Chaos a Temple Display Board, part 2

Getting it planned out and the build

Alright, time to start. First I need to get the basic floor plan laid-out and figure out where all four knights are going to go on the board. I think one will be sitting on the skeleton’s out stretched hand, while the other three will be arranged outwards below at various heights.

The form sheets I am using are very light weight, but not density board. I am concerned about the over-all weight of the board. Add in the knights and it can get heavy fast. A lot of density board can get a bit heavy as well so I am using cheap blown foam boards. They have a lot of air holes, which is a drag to fill, but they are very light weight and rigid.

Another good thing about these boards are they fit the wood under-board just right. I just have to cut one board to fit the whole thing. Once done I glue it all down with white glue and let it sit overnight.

This base-board will give me plenty of space to work with and a foundation to glue and pin everything into place.

Planning it all out
Cut to fit using the hot knife
Glued into place. Good fit.

The next day I find that the under-board has slightly warped. Ugg.

No problem, I re-glue down those edges that have pulled away and cut the second level of foam. These I start pinning with toothpicks which I have found will really create a secure bond between levels.

Continuing with the build. I am starting to te-think the column at the center. I might not use it after all. We will see.

So as I work on this board it’s concept has changed more and more. First off I am dumping the columns. Too heavy and takes up too much room. Second, the skeleton. I am keeping the skull, but dumping everything else. Again too much room is being taken up. I have to, in the end, fit the knights on to the board and be able to pull them off without effort.

I think though, I might add some cool waterfalls that all lead to a pool. Might be cool. Meanwhile I have glued all the walls together for the temple and fitted everything together.


Coming together


Alright, spent the day hot-knifing the form into a rock like surface. Once that was done it was time to seal the styrene. I also used the time to cut a pool for the waterfalls and the pool edges into a chaos symbol. I think I will I use this board for many different chaos armies.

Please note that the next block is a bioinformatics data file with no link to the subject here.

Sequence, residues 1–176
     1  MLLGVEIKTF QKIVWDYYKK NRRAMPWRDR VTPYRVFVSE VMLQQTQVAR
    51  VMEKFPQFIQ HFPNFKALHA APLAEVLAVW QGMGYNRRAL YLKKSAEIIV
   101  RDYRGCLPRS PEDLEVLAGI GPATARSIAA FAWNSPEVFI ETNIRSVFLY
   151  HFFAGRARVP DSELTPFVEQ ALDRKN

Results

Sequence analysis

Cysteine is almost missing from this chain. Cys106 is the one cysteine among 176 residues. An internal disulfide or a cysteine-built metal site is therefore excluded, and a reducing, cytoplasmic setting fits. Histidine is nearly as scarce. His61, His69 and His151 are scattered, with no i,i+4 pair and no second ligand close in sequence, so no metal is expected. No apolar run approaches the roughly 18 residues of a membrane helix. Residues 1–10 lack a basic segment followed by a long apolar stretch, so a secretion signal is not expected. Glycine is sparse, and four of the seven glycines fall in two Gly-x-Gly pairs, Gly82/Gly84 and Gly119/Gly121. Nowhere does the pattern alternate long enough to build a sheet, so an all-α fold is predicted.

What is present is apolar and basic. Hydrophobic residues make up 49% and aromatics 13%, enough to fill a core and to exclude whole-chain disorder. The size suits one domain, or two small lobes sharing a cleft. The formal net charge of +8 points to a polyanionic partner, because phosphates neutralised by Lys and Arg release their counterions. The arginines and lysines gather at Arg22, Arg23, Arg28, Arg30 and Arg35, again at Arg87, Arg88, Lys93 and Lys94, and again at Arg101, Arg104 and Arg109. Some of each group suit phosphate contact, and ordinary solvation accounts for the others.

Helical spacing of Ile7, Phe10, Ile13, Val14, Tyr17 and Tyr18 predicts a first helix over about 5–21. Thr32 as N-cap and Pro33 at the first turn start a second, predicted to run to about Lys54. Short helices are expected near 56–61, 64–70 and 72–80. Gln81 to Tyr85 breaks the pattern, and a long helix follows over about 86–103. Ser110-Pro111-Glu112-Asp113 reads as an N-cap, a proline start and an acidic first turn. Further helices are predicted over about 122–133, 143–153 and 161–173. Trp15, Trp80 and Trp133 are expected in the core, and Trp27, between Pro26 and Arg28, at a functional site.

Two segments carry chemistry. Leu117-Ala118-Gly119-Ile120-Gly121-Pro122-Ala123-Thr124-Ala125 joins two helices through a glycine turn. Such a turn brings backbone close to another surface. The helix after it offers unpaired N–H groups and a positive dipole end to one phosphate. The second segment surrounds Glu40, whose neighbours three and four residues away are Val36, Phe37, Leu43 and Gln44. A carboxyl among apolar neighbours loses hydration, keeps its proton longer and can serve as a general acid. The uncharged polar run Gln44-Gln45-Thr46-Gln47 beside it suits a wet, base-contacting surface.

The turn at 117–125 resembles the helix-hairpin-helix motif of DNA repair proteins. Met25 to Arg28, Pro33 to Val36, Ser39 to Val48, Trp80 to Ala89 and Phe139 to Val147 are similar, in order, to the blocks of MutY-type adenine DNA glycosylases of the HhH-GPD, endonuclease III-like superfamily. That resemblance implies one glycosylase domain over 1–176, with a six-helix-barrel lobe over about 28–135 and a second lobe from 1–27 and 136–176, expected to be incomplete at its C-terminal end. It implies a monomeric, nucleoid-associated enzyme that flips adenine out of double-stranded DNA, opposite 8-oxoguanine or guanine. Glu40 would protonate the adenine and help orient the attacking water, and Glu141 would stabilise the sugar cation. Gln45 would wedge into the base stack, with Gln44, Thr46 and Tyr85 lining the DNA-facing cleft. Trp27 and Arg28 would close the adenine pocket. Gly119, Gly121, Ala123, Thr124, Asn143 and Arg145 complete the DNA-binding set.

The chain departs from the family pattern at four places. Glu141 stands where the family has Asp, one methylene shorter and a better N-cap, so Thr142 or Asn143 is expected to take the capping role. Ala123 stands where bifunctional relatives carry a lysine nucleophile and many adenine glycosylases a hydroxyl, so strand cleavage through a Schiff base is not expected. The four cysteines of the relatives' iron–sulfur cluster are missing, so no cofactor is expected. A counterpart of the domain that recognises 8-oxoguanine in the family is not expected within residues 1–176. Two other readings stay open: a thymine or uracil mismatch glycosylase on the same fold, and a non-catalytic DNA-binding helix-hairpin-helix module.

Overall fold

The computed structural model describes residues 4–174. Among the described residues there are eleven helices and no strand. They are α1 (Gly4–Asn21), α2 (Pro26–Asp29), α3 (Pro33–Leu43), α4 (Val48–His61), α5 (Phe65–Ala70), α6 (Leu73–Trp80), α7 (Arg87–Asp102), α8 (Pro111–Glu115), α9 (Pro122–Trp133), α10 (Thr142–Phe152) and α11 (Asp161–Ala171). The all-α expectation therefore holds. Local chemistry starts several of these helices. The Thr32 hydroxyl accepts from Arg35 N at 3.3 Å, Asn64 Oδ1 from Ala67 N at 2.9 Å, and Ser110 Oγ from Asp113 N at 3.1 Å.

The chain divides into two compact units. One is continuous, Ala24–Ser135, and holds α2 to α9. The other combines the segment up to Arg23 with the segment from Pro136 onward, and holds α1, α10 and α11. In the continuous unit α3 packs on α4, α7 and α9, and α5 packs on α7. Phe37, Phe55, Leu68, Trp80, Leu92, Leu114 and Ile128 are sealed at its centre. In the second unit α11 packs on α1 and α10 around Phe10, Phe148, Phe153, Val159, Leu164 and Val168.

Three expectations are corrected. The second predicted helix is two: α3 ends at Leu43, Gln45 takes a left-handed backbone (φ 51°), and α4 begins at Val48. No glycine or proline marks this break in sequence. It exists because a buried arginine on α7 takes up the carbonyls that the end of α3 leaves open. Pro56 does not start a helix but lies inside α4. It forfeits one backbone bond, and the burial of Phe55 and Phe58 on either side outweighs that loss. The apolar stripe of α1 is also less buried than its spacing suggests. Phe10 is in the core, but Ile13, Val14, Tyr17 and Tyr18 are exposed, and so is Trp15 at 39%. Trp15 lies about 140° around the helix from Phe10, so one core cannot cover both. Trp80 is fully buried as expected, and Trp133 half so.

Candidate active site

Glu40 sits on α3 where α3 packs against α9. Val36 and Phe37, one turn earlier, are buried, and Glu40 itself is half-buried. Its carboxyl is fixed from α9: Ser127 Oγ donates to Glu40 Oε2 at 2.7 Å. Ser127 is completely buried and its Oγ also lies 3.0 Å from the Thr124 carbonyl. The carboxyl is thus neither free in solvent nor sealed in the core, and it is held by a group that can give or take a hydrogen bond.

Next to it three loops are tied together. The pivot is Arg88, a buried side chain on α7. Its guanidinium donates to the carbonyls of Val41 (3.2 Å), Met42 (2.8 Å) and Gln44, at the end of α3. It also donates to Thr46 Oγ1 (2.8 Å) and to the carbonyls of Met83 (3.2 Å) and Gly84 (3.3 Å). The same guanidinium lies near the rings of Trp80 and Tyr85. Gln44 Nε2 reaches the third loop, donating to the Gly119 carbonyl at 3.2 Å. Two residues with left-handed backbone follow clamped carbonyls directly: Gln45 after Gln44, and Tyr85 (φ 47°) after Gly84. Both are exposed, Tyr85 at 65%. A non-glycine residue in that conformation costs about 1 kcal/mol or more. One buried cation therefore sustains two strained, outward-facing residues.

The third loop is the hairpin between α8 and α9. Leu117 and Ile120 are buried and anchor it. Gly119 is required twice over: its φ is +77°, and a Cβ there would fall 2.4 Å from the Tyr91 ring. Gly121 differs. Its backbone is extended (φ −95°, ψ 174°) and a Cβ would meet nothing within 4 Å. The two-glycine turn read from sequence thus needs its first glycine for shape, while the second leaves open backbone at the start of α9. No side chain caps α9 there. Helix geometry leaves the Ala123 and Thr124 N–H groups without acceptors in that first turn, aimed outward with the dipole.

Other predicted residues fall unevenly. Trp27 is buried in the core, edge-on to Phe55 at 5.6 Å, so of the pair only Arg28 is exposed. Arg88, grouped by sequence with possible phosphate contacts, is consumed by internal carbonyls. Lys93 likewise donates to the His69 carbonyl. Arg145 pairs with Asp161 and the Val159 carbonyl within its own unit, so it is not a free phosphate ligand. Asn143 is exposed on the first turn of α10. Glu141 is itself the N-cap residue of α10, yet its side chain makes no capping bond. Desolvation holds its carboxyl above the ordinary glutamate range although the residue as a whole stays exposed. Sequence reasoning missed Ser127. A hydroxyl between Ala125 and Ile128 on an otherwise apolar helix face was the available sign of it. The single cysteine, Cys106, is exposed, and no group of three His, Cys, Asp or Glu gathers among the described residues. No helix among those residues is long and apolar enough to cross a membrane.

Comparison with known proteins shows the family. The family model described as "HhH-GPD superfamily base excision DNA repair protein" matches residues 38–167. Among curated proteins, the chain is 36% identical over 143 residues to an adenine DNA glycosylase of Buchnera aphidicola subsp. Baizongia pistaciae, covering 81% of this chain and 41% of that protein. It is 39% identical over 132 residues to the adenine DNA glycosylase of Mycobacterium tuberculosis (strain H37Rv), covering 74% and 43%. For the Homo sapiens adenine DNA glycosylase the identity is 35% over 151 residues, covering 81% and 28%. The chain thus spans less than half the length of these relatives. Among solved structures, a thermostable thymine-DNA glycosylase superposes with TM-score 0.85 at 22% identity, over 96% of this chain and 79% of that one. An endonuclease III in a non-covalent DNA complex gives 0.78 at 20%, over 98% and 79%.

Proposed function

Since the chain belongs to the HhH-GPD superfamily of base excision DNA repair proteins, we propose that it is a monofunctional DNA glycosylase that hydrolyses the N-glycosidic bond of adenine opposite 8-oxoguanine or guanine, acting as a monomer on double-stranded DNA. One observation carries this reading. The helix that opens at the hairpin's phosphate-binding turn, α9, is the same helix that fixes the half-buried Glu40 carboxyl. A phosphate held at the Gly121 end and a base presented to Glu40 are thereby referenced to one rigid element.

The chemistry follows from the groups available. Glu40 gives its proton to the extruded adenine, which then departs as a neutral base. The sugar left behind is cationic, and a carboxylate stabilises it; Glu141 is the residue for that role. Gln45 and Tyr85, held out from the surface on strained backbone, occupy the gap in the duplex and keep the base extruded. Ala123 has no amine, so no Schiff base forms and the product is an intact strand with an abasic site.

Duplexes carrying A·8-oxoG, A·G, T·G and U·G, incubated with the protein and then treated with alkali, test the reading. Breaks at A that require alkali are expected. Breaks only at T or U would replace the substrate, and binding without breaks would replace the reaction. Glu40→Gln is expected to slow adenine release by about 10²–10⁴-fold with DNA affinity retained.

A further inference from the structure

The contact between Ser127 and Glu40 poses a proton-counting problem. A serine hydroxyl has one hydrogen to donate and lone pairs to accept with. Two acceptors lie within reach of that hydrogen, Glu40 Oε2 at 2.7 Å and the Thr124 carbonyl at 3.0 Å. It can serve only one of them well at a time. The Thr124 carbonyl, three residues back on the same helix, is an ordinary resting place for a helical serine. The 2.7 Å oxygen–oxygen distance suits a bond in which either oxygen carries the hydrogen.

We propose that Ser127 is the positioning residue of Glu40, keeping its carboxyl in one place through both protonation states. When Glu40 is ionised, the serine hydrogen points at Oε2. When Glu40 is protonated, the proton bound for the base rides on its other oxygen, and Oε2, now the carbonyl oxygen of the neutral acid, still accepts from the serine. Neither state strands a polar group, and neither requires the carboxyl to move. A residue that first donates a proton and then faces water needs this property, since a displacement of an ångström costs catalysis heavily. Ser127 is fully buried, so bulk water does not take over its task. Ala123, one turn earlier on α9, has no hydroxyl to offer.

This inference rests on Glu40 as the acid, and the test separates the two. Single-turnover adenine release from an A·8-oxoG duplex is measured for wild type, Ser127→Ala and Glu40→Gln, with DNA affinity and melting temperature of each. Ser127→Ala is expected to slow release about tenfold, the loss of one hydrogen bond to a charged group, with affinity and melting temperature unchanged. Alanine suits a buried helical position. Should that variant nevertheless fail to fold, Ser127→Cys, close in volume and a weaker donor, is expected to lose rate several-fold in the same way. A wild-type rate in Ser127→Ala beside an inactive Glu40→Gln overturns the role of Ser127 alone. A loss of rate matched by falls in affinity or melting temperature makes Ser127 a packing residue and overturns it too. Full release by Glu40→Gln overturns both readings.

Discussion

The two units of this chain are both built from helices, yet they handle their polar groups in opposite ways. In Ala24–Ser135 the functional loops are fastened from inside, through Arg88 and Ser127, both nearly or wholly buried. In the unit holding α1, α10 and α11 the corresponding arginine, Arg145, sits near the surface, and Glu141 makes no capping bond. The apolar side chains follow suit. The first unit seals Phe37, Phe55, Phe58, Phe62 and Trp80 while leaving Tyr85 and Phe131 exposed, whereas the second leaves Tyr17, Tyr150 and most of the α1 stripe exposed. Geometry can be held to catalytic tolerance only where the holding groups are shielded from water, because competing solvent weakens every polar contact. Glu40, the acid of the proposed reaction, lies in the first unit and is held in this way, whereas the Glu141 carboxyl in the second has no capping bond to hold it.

I generally hit the whole thing with a watered down coat or two of white glue. Why? Two reasons.

First styrene, if you hit it with any kind of spray paint, like primer, the aerosol in the can will eat the foam. So you have to seal the surface. Everyday white glue works best.

Second while styrene is stiff, it can be dented with everyday use. If you apply a coat or two of glue the glue forms a hard shell over the foam. You can use plaster to do this as well, but plaster gets heavy and can chip in use.

After the glue dries I will hit the surface with the texture paint from Vallejo. This and the glue will form a good seal over the styrene and protect it from damage in use.

Surface coated in glue

Seams and gaps? Best way to seal these up is with a bit of paper towel. Yep it’s easy and works great.

Paint the surface around the seam or gap with glue and then either stuff the gap with paper or on a seam, lay the paper over the seam. This will tack the paper down. Next apply another coat of glue over the paper. When it drys it will be stiff and hard and cover the seam or gap great. On seams brush off the edges with the glue to transition from paper to surface.

Pro tip here… if you rip the edges of the paper to make a rough edge, you will be able to paint down that edges so they blends right in to the surface, you will never know it was there. If you leave the factory edge, you will see the transition from the paper the surface.

You can also use this technique to create textures on a surface, foams for waves in water, stone or rough first, ooze and vines or roots and other stuff. Cotton balls can be used to create foam in water and white caps on waves.

Next up is a backing board for the sides of the display boards. These I just glue on using chipboard and seal the seams with glued paper. I will paint it all black when done.

Side note, cut the crap out of my finger trimming the backing boards. Guess I have to sacrifice some blood to the blood god if I want this board to look good. The cut was deep so I had to finally glue it shut with some super glue.

Ouch!

Once I have all the levels cut and glued I will start to hot knife the foam to look like stone. The plan is to then coat the foam with white glue to seal it and then apply a layer of Vallejo texture over the stone surfaces. Prime and then paint will be the last step.

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